One popular initiative has seen many local councils consolidate their operations by co-locating their staff. NHS, education, council employees and others are all congregating together in one central location in an effort to reduce property costs. While on the surface this seems a practical solution, for the IT team it’s a logistical nightmare.
Imagine if you will, each department existing in its own locale. Part of the infrastructure would typically include a physical IT network. Just like a building has walls protecting the contents inside, the network too would have barriers, or gateways, to prevent external access.
As organisations come together, under one roof, so too do the networks on which they function and this is where the complexity begins.
Sticking with the physical building analogy, if you give someone a key to the front door, without a thought to the security within the building, then that person is free to roam all the floors, corridors, offices and potentially rifle through the unlocked drawers and filing cabinets within. Similarly, a physical network is made up of several layers and it’s reliant on someone physically locking all the areas, or compartments, to prevent unauthorised access.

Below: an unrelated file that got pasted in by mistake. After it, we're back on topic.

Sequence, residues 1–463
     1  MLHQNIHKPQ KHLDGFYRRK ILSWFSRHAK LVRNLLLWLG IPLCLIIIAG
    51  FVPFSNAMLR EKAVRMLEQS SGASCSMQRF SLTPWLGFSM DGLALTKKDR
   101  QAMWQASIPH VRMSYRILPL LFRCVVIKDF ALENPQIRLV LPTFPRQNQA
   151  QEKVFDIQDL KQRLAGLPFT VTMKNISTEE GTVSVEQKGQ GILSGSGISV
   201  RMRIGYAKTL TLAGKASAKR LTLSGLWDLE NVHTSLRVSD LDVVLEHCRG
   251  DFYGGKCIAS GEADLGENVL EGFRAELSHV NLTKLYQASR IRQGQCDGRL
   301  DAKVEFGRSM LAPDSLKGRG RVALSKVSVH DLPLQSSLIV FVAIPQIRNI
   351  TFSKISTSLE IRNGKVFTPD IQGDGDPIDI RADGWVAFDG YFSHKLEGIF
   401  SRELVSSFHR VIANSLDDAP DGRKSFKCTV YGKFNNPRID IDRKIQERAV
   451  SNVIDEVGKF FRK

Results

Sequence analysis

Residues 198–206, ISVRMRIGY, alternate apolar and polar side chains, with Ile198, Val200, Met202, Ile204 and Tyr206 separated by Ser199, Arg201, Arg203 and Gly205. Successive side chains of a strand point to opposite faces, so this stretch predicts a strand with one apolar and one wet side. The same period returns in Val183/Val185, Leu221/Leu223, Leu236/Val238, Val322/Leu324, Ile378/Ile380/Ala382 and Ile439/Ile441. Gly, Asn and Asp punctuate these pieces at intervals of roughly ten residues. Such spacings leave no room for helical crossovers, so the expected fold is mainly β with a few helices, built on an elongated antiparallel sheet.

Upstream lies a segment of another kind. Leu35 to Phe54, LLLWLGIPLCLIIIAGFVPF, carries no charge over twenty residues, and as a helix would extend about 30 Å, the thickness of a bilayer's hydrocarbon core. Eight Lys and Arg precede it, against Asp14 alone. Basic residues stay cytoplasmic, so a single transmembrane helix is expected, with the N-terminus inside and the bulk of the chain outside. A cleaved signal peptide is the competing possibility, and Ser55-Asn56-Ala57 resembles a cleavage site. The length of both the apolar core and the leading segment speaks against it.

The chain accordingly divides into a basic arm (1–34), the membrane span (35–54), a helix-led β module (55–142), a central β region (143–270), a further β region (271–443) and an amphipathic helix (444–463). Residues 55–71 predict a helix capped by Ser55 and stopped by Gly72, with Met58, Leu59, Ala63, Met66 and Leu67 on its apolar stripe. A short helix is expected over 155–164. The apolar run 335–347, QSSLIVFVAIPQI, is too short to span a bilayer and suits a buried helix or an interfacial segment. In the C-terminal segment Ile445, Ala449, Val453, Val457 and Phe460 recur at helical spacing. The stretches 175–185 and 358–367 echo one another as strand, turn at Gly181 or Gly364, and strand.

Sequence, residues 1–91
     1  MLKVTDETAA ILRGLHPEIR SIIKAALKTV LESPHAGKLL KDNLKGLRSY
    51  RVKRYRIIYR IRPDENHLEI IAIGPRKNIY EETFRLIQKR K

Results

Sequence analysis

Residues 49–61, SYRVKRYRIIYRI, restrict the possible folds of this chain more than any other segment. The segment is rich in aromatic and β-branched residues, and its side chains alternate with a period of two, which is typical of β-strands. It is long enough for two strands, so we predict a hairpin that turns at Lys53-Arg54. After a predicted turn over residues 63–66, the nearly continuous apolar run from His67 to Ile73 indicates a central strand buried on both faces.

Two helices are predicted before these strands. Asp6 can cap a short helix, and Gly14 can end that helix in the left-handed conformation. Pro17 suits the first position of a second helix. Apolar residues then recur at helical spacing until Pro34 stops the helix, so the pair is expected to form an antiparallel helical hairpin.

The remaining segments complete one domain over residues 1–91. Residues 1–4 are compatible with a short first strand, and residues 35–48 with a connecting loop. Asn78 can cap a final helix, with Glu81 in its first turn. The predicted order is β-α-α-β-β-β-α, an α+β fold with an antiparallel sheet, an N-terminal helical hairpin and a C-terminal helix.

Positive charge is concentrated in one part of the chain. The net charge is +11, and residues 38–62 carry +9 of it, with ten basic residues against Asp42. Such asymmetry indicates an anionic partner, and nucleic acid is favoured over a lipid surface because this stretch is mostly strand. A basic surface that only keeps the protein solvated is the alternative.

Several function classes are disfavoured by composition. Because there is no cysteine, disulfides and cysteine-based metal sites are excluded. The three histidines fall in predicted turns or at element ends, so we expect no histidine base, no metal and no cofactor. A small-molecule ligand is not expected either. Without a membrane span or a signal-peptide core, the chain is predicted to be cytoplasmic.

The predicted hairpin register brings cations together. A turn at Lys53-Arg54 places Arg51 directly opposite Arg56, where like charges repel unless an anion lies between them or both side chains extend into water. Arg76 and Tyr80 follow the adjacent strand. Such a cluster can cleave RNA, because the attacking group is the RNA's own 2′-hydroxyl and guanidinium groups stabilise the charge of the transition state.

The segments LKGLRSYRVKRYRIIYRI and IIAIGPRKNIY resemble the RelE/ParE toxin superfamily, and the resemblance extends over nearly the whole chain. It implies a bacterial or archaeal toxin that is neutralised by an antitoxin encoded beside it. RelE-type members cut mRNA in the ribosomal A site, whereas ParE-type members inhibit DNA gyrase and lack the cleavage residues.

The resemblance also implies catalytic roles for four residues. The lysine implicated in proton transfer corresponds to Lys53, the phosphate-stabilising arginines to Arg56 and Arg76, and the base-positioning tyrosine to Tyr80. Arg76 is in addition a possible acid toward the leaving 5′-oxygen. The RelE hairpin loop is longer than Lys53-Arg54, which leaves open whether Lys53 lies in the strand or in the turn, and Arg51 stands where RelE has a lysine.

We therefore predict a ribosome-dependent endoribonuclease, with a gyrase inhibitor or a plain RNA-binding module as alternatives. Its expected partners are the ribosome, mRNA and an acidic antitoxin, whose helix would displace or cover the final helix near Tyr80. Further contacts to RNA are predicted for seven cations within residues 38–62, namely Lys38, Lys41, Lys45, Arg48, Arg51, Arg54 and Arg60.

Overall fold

It is imperative that a company controls which individual has access to which services, applications and information and from where. They also need to ensure that each individual is actually who they claim to be. While this sounds pretty straight forward, it can be very complex to manage without the right tools.
Before I continue its worth clarifying that inadequate data protection will get you into a whole heap of trouble. If you’re in any doubt a quick internet search of ‘public sector data breaches’ will bring up a long list of organisations that stand testament to the size of the problem, and the penalties they’ve incurred as a result.
Instead of building separate physical or rigidly constructed networks for each organisation, one method that is gaining popularity is to create one network, and to control access to the services and data it houses at the point of entry.
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